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Genetic susceptibility to intrauterine survival

Presented at the Neonatal Society 2003 Summer Meeting (programme).

Hanchard N, Herbert M, Kwiatkowski D (introduced by Prof. Andrew Wilkinson)

Department of Paediatrics, University of Oxford, John Radcliffe Hospital, Oxford, OX3 9DU, UK

Introduction: Approximately 70% of conceptuses are non-viable, and the mechanisms of early intrauterine non-viability are poorly understood. Intrauterine survival may be influenced by genetic selection against unfavourable alleles, and can be studied through analysis of Single Nucleotide Polymorphisms (SNPs)1. Alleles that make the fetus or embryo susceptible to rejection may bias the genetic complement of newborn healthy babies, and this may be reflected in non-Mendelian inheritance patterns referred to as Transmission Distortion. SNPs within and adjacent to inflammatory genes may, in part, define the cytokine responsiveness of the fetus. The MHC class III region is composed of numerous inflammatory genes that may influence in-utero survival.

Methods: 258 family trio DNA samples were obtained with parental consent (derived from parental venous blood, and baby cord blood; OxREC C01.059, C01.241). SNPs were typed using MALDI-TOF mass spectrometry and Transmission Distortion assessed through the Transmission Disequilibrium Test (TDT) using the ASPEX software package.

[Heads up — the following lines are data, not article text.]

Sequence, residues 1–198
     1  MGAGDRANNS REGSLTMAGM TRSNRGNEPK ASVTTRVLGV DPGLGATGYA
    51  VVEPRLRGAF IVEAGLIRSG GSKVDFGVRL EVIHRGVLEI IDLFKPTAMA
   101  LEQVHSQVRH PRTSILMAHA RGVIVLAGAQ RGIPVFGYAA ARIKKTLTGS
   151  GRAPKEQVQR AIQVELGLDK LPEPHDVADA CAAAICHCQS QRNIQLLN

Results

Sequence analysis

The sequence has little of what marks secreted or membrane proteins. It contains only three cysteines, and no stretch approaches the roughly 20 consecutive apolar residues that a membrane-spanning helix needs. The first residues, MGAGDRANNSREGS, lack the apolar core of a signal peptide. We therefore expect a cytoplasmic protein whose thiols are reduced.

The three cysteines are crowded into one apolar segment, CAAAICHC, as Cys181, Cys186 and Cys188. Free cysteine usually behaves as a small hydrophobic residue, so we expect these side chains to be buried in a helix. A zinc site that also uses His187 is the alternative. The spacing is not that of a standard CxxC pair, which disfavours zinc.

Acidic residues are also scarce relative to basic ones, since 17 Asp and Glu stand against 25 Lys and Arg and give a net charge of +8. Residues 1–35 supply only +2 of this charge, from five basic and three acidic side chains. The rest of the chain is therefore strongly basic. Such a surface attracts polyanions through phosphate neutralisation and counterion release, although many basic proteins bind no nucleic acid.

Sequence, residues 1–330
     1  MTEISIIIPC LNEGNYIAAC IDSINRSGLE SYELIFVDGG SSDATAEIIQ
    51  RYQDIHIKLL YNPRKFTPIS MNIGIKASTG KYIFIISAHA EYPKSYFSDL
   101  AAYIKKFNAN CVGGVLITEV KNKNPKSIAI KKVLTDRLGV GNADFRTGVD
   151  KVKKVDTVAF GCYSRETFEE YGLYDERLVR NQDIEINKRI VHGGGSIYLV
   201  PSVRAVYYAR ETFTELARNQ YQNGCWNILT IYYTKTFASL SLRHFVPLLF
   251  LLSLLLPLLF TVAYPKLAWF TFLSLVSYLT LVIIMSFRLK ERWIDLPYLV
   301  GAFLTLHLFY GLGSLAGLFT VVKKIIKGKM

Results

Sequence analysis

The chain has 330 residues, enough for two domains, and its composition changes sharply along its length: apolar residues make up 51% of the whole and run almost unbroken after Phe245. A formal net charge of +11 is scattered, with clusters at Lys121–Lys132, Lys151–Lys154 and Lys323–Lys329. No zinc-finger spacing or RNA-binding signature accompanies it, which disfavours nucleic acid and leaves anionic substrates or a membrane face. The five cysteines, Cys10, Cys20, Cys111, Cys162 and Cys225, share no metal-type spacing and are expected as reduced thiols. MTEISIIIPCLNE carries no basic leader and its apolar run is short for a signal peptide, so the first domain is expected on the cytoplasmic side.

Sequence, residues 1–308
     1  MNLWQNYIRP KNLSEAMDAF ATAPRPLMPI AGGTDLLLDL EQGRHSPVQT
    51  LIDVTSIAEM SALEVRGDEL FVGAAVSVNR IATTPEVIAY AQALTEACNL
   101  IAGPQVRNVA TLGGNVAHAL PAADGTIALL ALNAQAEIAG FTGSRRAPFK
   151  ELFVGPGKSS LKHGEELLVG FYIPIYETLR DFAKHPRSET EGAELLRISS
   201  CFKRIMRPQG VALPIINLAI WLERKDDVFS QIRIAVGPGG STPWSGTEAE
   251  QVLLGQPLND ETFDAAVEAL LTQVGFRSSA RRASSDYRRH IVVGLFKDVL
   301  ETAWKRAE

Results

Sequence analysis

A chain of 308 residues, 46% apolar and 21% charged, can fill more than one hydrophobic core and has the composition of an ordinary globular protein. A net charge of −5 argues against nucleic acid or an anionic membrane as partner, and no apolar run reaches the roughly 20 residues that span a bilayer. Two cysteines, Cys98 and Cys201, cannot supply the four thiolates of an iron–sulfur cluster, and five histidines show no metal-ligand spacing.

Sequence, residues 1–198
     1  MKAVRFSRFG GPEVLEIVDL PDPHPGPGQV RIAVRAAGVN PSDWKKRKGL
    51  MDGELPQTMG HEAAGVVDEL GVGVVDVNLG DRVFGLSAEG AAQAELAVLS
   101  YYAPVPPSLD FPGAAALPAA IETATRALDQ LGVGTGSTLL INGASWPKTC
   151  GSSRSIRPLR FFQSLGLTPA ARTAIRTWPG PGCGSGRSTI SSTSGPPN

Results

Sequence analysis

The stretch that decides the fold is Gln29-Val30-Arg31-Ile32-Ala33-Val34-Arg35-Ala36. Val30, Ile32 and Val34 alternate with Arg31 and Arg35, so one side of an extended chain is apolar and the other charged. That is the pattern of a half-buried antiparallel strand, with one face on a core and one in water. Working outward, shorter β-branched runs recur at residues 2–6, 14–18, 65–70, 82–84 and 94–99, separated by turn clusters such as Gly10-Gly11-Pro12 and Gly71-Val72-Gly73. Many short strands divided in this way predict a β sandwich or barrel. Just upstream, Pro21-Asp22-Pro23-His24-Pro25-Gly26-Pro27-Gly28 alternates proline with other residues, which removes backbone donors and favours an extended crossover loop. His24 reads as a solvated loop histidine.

Results: We genotyped 774 individuals from 258 singleton families and utilized transmissions from heterozygous parents to test for distortion at each SNP (TNF-308 = 148 heterozygote parents; LTA+7 = 188; NFKB-63 = 198; CLIC-2230 = 66). No significant transmission distortion was detected at TNF-308, LTA+7 and NFKB-63 suggesting a limited role for immune rejection in survival in-utero. The CLIC1-2230 allele was found to have a minor allele (CLIC-2230*2) frequency of 10% and a 3.7% genotyping failure rate. The gene showed transmission distortion (42 of 66 transmissions; p=0.04) in favour of the major allele (CLIC-2230*1). This implicates the CLIC1 gene in survival in-utero, either as a direct action of an unfavourable CLIC1 SNP or through linkage with another nearby allele.

Conclusion: Our initial studies indicate that immune mechanisms may have a relatively small role to play in determining the fate of the in-utero baby. Examining the degree to which individual candidate genes exhibit Transmission Distortion is a method of defining the relevance of each gene to early uterine survival. We demonstrate an emerging role for human genetic susceptibility studies in the area of prenatal medicine.

1. Westendorp RG, van Dunne FM, Kirkwood TB, Helmerhorst FM and Huizinga TW. Nat Med 2001;7:873

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